L.A. Country Club is part mystery, part myth that the U.S. Open will reveal

An aerial photo Los Angeles Country Club, which will play host to the 2023 U.S. Open.
An aerial photo Los Angeles Country Club, which will play host to the U.S. Open this week.
(Ringo H.W. Chiu / Associated Press)

Tinseltown loves a big reveal, and that’s what the U.S. Open has in Los Angeles Country Club, the greatest course people have never seen.

The club will play host to its first major championship this upcoming week — the first time the U.S. Open has come to this city in 75 years — and it will be an eye-opener for the golf world.

Untold droves of Angelenos have no idea where LACC is located, let alone the phenomenal look of the place.

Many of the competitors have never played the storied North Course, including Patrick Reed, the 2018 Masters champion, who walked the holes with his team multiple times last week, gathering as much intel as he could.


“It’s like an unveiling,” said Gene Sykes, president of the club, bisected by Wilshire Boulevard between Beverly Hills and Westwood. “A lot of golf people kind of know of it or have heard about it, but have never been there. It’s mythic in some ways.”

Here’s a closeup look at all 18 holes of the North Course at Los Angeles Country Club, the site of the 2023 U.S. Open, which begins Thursday.

June 11, 2023

Now, it’s myth meets reality when the club opens its gates to the world’s best golfers and tens of thousands of spectators. The first fairway is lined with double-decker corporate chalets, and there are the traditional and gigantic white tents for the merchandise center and the media, but there are relatively few grandstands. The goal was to keep the course as uncluttered and unaltered as possible.

In a time of change and upheaval, with the PGA Tour and LIV Golf announcing a merger, LACC should provide all sides with some degree of unanimity: The North Course is a masterpiece.

Yet, as with all U.S. Opens, there are changes to the course that make it even more difficult.

The first tee, for instance, has been moved back to the practice putting green in front of the clubhouse in order to lengthen the par-five hole.

The opening tee shot is over colorful rows of roses, a nod to George C. Thomas, who designed the North Course, which opened for play in 1921. Fellow course architect Gil Hanse restored that design in 2010.


“George Thomas was a rosarian, and his passion was growing hybrid roses,” said John Chulick, who co-chairs the club’s U.S. Open committee with Dick Shortz. “After he designed his courses around here — Bel Air, Riviera, us — he basically retired and devoted the rest of his life to raising roses.”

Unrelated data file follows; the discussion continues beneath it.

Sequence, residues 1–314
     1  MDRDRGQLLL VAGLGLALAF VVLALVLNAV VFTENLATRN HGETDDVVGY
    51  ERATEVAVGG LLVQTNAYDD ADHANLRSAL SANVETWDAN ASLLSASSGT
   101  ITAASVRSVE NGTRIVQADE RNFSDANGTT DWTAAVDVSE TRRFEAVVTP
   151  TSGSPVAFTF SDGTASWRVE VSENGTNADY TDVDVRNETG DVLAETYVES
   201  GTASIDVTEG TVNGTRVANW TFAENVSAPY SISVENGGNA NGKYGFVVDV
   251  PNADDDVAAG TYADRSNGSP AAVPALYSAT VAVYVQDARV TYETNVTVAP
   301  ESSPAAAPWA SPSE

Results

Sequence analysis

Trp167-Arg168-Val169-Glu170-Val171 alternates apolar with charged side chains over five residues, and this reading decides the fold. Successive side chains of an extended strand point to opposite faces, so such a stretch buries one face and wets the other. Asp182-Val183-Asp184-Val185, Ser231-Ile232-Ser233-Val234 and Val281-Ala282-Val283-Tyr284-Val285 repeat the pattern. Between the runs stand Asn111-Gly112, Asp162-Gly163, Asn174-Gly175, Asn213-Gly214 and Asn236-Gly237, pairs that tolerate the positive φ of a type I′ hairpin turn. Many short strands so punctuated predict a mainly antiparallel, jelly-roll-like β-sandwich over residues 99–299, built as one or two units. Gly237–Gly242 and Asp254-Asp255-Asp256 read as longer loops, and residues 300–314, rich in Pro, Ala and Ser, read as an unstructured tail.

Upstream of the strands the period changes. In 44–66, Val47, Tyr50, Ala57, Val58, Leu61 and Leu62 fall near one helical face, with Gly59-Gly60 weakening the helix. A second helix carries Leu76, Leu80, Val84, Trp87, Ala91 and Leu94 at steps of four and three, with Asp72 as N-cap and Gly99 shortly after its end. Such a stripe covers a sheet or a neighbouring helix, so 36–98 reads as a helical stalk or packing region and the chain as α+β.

VIDEO | 03:30
The U.S. Open holes that can make or break a round of golf

There are several unusual aspects to the course, measured at 7,421 yards for this major championship, including five par-three holes that depending on the pin placement range from 300 yards to the 78-yard 15th, which will be the shortest hole in U.S. Open history.

Although there aren’t many grandstands on the grounds, there’s one in prime position behind the 623-yard 14th hole, ideally situated for fans to watch players daring to go for that tricky green in two.

Those seats are also a prime vantage for the action on that ultra-short 15th, where the challenge of putting a tee shot near the pin is tantamount to dropping a lob wedge down a chimney.

At the 2013 Pac-12 championships, Cal’s Max Homa of Valencia shot a course-record 61 at LACC, a tremendous feat, even though the pin placements got much more challenging after that opening day. He’s now seventh in the World Golf Rankings.


Patrick Cantlay, who played at UCLA, is ranked fourth and knows the North Course well. He should, it neighbors his alma mater.

“I probably played it a few dozen times,” Cantlay said. “It’s a golf course I’ve played a lot. I saw that — I played it in December and saw that the USGA’s going to set it up quite different than how it plays week to week for the members. … I’ve heard some guys say that they think it’s going to play really easy. I don’t think it will.”

Like the club itself, more will be revealed.

VIDEO | 06:12
LA Times Today: South L.A. golf course at the center of ambitious community investment effort

Watch L.A. Times Today at 7 p.m. on Spectrum News 1 on Channel 1 or live stream on the Spectrum News App. Palos Verdes Peninsula and Orange County viewers can watch on Cox Systems on channel 99.